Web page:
Yogamint

in depth

31-Oct-2009

Excuses Excuses

Defining Your Blocks

Believe it or not, people have been having trouble doing yoga for hundreds of years. The ancient yogis actually classified the five major obstructions to a successful yoga practice. These “Kleshas”—loosely translated as “obstacles” or more literally as “afflictions”—are considered not only to be the main blocks in a yoga practice, but also the root of all suffering. 

Patanjali first codified these obstacles to yoga in the Yoga Sutras around two thousand years ago: Ignorance, Self-Centeredness, Attachment to Pleasure, Aversion to Pain and Fear. Let’s address these last to first.

Fear – People are afraid to change. In many cases, we would often rather stick with our problems than open up to the new or unknown. But yoga presents us with new possibilities and with that, either change or stagnation must occur.

Aversion to pain – This goes along with the fear of change. Change brings growth. Growth brings pain as we lose the old self. People usually want to remain with their familiar problems rather than take what they perceive as painful steps toward growth.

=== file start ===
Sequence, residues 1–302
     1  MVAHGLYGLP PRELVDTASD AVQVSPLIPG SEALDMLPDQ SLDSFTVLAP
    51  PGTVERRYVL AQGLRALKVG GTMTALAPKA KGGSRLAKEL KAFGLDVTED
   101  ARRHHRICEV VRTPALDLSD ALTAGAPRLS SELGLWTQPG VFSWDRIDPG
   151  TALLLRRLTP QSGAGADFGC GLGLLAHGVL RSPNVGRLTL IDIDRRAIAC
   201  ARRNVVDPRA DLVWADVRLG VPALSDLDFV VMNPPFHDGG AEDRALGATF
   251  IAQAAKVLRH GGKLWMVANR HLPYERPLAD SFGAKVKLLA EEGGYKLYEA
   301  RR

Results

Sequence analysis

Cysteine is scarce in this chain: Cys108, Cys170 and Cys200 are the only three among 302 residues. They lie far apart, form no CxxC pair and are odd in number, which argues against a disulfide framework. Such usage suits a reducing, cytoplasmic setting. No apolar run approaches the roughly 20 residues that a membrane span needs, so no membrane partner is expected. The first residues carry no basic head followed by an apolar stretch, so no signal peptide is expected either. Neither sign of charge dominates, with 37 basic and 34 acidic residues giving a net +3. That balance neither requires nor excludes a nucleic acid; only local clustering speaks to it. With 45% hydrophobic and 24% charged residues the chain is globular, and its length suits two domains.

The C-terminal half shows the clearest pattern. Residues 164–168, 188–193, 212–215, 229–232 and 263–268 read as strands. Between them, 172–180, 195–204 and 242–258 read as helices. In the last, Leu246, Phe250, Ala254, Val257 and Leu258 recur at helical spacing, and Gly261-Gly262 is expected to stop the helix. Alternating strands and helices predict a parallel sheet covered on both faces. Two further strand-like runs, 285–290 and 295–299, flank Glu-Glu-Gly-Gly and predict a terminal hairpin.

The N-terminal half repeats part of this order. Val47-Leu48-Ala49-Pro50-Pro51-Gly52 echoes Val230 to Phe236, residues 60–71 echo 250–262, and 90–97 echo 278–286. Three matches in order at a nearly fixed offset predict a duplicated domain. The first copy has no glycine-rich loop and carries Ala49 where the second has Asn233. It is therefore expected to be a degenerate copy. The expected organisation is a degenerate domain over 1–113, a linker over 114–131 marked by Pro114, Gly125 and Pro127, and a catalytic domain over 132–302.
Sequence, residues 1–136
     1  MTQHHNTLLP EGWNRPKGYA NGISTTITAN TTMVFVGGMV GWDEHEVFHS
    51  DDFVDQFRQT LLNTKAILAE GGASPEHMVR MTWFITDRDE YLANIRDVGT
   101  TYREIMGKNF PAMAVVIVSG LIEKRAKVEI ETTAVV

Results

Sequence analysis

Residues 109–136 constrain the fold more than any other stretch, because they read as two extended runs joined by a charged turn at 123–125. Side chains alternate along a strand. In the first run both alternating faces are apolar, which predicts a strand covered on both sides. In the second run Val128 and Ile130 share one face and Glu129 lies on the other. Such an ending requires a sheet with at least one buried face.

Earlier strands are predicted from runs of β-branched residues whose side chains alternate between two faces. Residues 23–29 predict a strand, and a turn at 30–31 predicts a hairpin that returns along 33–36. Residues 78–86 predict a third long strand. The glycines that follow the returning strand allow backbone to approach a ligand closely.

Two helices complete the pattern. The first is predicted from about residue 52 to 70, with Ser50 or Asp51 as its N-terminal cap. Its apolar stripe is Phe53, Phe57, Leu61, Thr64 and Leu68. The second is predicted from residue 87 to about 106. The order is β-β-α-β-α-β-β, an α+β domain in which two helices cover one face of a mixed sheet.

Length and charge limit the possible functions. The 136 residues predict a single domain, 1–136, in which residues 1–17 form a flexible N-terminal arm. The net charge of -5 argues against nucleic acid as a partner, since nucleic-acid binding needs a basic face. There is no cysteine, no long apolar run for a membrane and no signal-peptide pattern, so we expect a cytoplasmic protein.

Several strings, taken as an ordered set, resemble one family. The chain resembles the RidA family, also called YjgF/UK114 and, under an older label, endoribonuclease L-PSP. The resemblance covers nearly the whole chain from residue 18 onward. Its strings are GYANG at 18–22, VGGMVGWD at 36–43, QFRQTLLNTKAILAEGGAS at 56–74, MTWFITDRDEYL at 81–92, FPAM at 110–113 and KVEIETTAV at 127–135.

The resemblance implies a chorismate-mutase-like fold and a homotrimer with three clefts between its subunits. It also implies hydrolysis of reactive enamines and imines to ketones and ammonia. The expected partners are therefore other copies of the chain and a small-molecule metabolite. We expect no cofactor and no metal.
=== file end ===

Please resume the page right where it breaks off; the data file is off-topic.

Attachment to pleasure – Patanjali explains this is the same as aversion to pain. While life should indeed be pleasurable, the pleasant sensations we experience in this life can derive from a number of sources: alcohol, drugs, even food. But as we move toward yogic union, these external indulgences cease to be relevant.

Self-centeredness – To the yogi, this is the all-consuming focus on the “small self,” to the exclusion of the Higher Self and the welfare of others. It amounts to starving the spirit in order to feed the ego. It is a case of mistaken identity—perceiving God as the false idol, when God is actually within us.

Ignorance – This king of all afflictions, "avidya" (lack of knowing), is the cause of all of the other blocks. In any given moment, if we are simply ignorant of our true nature, one of the obstacles will present themselves.

My teacher Yogi Bhajan once said, “Excuses are self-abuses.”  He meant that to allow your “small self” to talk your Higher Self invites these obstructions. It becomes a slippery slope. So do your yoga. No excuses!

Mehtab Benton
Author, Gong Yoga: Healing and Enlightenment Through Sound
Proprietor, Yoga Yoga Studios

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